“Jay’s story said it all,” stated Fale the ‘Rogue General’, reflecting on his initial meeting with White in 2014. “When Jay was 18, he left New Zealand and moved across the world on his own to pursue his dream. That told me he was hungry for it.”

White and Henare (along with Hikuleo) were the first graduating class of the Fale Dojo / NJPW Dojo system although their paths rarely interweaved until now. In spite of Henare’s years of preparation, White would surge ahead of his Warrior peer, climbing his way up the ranks to becoming the first New Zealander to hold the prestigious IWGP Heavyweight Championship in 2019, then headlining NJPW’s first-ever event held in New York’s Madison Square Garden. These bragging rights put ‘Switchblade’ in a favourable position to control the narrative.

“Henare, I am swimming in my prime,” roared ‘Switchblade’. “I am doused in my prime! I am covered, I am smothered in my prime, and that is not changing anytime soon.”

“Henare, you don’t matter,” White masterfully continued. “As an Aotearoa Maori warrior, I know you plan to bring the fight. I’m a different animal to anything else that you’ve ever encountered before: In this ring, or outside of this ring, on the streets of Auckland, or in that New Japan ring.”

“I will make you understand, how insignificant you are, Henare,” stated King Switch. “I will make you feel my prime, my greatness.”

“Henare, you will have your moment, in the spotlight with me, until I turn those lights off,” White concluded. “But don’t worry, even in darkness, you can still breathe.”

Henare, bursting with promise and determination ferociously roared back at his rival.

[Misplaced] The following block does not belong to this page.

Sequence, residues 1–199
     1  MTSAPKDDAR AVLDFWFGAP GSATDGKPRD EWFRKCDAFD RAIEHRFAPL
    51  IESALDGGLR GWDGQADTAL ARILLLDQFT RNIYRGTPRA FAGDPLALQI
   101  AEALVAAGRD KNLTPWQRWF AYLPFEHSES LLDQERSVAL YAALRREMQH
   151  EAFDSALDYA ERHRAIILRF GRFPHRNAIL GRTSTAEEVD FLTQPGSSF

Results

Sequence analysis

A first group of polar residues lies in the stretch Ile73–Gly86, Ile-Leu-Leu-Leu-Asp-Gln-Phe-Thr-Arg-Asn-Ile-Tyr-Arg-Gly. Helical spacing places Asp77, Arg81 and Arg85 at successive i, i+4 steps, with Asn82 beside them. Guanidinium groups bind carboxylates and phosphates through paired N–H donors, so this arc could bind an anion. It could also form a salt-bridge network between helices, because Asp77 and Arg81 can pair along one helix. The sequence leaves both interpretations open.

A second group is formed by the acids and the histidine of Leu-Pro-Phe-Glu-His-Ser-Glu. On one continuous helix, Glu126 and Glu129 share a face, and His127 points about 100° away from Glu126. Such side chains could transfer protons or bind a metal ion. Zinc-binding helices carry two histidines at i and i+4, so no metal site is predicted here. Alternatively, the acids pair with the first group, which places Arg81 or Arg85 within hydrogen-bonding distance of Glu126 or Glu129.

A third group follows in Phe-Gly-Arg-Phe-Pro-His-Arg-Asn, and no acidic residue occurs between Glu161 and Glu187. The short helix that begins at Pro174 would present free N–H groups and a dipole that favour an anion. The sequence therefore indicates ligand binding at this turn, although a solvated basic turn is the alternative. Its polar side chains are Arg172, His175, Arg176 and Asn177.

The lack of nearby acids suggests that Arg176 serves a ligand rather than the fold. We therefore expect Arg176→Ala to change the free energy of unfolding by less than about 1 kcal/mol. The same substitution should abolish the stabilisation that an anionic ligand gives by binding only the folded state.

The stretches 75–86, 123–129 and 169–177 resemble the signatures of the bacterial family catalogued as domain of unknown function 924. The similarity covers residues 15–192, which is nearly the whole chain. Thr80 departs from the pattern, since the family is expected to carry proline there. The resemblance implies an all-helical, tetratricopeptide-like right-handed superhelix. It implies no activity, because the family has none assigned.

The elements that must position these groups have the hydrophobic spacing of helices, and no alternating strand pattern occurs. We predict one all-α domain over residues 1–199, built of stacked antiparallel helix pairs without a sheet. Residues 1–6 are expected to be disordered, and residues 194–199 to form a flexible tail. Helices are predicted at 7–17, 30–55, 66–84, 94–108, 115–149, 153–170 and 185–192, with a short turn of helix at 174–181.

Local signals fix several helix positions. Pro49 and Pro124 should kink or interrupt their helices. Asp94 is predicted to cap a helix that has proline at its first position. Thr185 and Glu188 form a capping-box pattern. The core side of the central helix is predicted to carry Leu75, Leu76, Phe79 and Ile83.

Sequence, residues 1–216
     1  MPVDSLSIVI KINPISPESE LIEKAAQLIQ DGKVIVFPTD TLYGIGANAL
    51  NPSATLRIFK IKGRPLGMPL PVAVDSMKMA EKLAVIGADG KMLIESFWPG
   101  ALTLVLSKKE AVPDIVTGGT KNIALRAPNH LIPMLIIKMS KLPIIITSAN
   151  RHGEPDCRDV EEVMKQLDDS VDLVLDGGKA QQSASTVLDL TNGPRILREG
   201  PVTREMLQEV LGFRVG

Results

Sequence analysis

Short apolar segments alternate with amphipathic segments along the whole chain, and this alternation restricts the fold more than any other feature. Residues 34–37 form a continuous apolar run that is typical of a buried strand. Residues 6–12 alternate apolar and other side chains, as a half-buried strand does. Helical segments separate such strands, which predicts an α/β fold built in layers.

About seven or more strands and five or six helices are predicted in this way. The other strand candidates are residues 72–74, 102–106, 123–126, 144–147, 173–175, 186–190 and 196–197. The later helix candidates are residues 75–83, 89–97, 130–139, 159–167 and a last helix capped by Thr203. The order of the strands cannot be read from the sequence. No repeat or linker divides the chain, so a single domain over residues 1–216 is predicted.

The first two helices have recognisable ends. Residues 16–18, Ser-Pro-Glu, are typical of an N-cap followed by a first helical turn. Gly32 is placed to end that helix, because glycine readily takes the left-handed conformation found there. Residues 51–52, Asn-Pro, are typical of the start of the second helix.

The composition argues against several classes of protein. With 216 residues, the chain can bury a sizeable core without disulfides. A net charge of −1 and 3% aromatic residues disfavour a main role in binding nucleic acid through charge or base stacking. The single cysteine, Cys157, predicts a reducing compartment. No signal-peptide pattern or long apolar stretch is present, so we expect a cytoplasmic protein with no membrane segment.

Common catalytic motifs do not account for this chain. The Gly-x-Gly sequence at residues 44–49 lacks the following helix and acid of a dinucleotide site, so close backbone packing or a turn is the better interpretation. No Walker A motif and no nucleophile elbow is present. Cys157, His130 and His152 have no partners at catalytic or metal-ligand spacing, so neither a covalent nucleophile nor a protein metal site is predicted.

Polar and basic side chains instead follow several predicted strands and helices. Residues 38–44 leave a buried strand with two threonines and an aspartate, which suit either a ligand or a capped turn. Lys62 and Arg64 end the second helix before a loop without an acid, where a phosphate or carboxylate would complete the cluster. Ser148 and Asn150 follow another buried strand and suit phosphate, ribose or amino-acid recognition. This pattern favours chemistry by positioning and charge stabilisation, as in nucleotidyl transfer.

“I know, Jay,” The Maori Warrior growled fiercely. “I know the real you! I knew you before all of this, I know you.”

“You’re a Kiwi boy,” shouted Henare. “You’re simple. All of this flashy crap… that’s not you, I know you, I KNOW YOU!”

Henare the Maori Warrior continued: “No pandemic, no tsunami, no earthquake is going to stop me. This is my chance, I promised everyone back home, I’m not being sent back to New Zealand empty-handed… I want what you want Jay. I want to be where you are.”

“I know this burning desire in my heart is real, 100%, Jay, and I’ll do anything that it takes. I’d die for it,” Henare concluded with his chilling remarks. “You can’t beat me, because I’m prepared to die …. I’m prepared to die.”

The ability to freely communicate in NJPW interviews is encouraged early on in training. For example at Fale Dojo, the primary focus is for students to approach pro wrestling as a sport, develop the fundamentals in strong style wrestling, and find their fighting spirit. From there they would develop an authentic version of their wrestling persona in that particular part of their journey. By knowing who you are, your ability to get your point across will happen naturally.

Michael Richards reacts to his first match in Japan – NJPW Road to Destruction, 2019.

Michael Richards, Fale Dojo graduate, Senior Lion and current trainer to the Dojo’s 2021 February Intake described his first-hand experience in the NJPW environment.